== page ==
MIAMI — Sixteen years ago, a well-known Florida artist, Antonia Gerstacker, painted the black and red sign on a unique light-blue background that hangs outside Tobacco Road, the oldest bar in Miami. This grizzled bar first opened in 1912, the same year the Titanic sank and New Mexico and Arizona were admitted as states to the Union. Tobacco Road offers much to its many patrons: remarkable meals, a distinctive environment, almost a century of history, and, most important: nothing less than a good time.
The Congress of the United States passed the 18th amendment into law on January 16, 1920, a well-intentioned but ultimately ill-advised law that forbid the buying, selling and consuming of alcoholic beverages in this country. The wise owners of Tobacco Road refused to let the law affect their business, and responded by redesigning the bar specially for this unfortunate period, one that lasted thirteen years before it was repealed. This unique joint has several concealed doors and ladders that would redirect workers to the hidden alcohol they would stock for their costumers. Rumor has it that on the second floor of the building, there was the best cabaret in town. Amazingly, the public thought that this alcohol supplier was a bakery.
Food and drink
The food is incredibly cheap and appetizing, varying according to what day of the week it is: Tuesdays there is the Maine Lobster special; Wednesdays, costumers fill up with â€˜all you can’ eat BBQ-Ribs; and Thursdays the week ends with a 16 oz. T-bone steak that is to die for. All of these specials come with a minimum of two drinks ensuring that the evening spent there is even more pleasant. The bar also offers a big selection of beer, liquor and wine with fairly decent prices and generous servings. A very special characteristic about the bar is that every Friday they have 98-cent beer and liquor for an hour celebrating Tobacco Road’s 98th anniversary.
Location and style
Tobacco Road is located in between Brickell Avenue and downtown, a convenient location that brings an extended variety of characters to the bar at all times of the day. During lunch or in the early afternoon a varied assortment of individuals there can be found there, from senior executive â€˜suits’ to the up-and-coming junior executive urban achievers who, during brief breaks from their downtown jobs, choose to go to the local bar to enjoy a nice meal along with a refreshing and relaxing drink. When the night starts to kick in, so does the bohemian mix of people who live near by and want to go to a familiar and friendly bar before starting the night. These types of people can also be found at closing hours for the last call.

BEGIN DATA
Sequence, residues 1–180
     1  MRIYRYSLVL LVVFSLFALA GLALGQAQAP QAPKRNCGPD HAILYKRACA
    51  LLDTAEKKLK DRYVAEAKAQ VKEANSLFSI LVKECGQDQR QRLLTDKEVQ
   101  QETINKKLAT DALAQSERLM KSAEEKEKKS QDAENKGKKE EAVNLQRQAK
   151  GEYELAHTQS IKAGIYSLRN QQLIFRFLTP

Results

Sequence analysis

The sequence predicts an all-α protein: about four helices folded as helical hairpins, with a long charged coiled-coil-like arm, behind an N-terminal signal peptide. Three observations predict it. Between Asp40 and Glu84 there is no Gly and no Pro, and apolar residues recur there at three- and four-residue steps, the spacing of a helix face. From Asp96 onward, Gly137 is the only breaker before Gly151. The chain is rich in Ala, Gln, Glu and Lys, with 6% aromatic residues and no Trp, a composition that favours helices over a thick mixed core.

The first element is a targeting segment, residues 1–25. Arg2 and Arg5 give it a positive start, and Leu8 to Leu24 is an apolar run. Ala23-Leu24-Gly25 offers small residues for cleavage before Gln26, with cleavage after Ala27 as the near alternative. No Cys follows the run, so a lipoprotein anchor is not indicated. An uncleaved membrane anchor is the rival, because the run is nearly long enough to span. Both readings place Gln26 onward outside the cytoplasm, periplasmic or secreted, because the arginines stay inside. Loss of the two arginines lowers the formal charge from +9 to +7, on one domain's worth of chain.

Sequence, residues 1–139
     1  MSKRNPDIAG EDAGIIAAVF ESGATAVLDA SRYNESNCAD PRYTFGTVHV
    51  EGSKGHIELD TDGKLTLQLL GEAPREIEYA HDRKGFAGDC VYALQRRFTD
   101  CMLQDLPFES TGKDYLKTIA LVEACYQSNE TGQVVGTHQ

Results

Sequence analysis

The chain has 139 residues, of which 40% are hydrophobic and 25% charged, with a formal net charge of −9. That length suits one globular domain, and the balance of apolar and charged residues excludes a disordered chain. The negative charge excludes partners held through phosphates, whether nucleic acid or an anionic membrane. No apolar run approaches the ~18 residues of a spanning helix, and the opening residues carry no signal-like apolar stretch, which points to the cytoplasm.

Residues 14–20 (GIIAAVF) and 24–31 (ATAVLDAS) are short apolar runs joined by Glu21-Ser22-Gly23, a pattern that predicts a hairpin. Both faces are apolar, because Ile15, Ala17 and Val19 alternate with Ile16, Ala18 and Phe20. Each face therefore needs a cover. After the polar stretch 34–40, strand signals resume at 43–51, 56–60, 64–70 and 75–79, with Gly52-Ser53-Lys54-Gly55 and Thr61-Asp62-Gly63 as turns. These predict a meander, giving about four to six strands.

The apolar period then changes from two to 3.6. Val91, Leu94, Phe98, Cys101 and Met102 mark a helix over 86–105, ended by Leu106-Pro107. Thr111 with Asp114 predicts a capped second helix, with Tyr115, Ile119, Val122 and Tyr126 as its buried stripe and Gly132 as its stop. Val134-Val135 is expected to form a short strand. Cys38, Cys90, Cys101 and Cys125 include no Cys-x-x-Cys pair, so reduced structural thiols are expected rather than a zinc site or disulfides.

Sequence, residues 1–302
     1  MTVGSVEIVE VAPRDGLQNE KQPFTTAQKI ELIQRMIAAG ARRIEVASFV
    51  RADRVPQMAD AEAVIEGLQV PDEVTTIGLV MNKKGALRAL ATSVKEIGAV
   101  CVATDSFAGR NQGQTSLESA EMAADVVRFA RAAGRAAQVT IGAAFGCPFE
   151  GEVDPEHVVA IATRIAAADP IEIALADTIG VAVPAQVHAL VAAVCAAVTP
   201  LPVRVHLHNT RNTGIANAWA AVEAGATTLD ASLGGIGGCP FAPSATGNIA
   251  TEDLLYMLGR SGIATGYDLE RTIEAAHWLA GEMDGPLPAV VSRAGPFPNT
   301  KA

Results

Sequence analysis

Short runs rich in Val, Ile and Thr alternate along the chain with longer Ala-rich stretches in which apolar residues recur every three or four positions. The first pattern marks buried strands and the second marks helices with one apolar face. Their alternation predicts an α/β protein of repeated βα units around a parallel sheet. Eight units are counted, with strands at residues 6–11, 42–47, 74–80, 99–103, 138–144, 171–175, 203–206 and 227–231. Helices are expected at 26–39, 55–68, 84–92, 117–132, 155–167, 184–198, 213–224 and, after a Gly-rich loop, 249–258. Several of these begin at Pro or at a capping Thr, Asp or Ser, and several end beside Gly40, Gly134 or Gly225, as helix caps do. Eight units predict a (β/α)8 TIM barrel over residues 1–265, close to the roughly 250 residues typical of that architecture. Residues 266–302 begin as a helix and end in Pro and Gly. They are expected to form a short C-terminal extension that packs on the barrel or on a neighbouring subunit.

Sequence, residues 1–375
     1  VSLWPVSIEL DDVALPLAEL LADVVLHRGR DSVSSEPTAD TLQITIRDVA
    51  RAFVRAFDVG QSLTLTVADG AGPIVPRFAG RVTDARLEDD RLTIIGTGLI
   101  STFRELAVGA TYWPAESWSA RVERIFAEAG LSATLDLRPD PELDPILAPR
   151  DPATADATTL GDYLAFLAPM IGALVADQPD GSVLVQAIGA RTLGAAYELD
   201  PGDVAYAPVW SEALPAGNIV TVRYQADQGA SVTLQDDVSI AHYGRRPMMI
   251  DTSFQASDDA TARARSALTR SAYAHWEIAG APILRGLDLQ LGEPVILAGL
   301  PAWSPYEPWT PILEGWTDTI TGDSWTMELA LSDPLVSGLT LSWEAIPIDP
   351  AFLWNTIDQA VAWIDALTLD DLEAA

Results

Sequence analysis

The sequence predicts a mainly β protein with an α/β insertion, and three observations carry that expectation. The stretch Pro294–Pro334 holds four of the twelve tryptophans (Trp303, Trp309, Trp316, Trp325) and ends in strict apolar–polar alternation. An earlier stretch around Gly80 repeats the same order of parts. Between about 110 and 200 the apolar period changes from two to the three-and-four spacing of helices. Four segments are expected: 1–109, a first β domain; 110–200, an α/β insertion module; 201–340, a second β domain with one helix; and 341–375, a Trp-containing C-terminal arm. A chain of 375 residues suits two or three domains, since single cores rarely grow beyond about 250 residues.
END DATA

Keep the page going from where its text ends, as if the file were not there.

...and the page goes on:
In between lunch and cocktail hour, long time patrons, individuals who have been going to the bar for as long as they can remember, once again wander in, seeking the comfort of the stool and the bar. Tobacco Road is definitely a neighborhood bar, a spot to have a drink with friends, or be alone, to drown sorrows, or to celebrate a good deed. The bartender, Johnny, always welcomes the regular costumers and the new ones equally, providing excellent service and a terrific sense of humor. Each individual at the bar has his or her own story; some even called the unusual bar home.
For six days a week, there are live bands playing in the back, an outdoor terrace where a homeless man called John hangs out every single night just to enjoy the good music. John dreams of one day becoming a singer, and the good fellows at Tobacco Road encourage him at every show, allowing him to freely sing to whoever wants to hear. This irreplaceable detail gives the bar a gracious personality that inspires these inimitable characters to return and, as many have in the past, create a home out of these simple memories.
The Rock and Roll and Blues vibe of the place is legendary, an atmosphere that gels and molds with the characters that can be found in between those wooden walls, metal ladders, signed posters, and alcohol ads. If those walls could talk, the most interesting anecdotes in Miami would surely come out of that hole in the wall called Tobacco Road.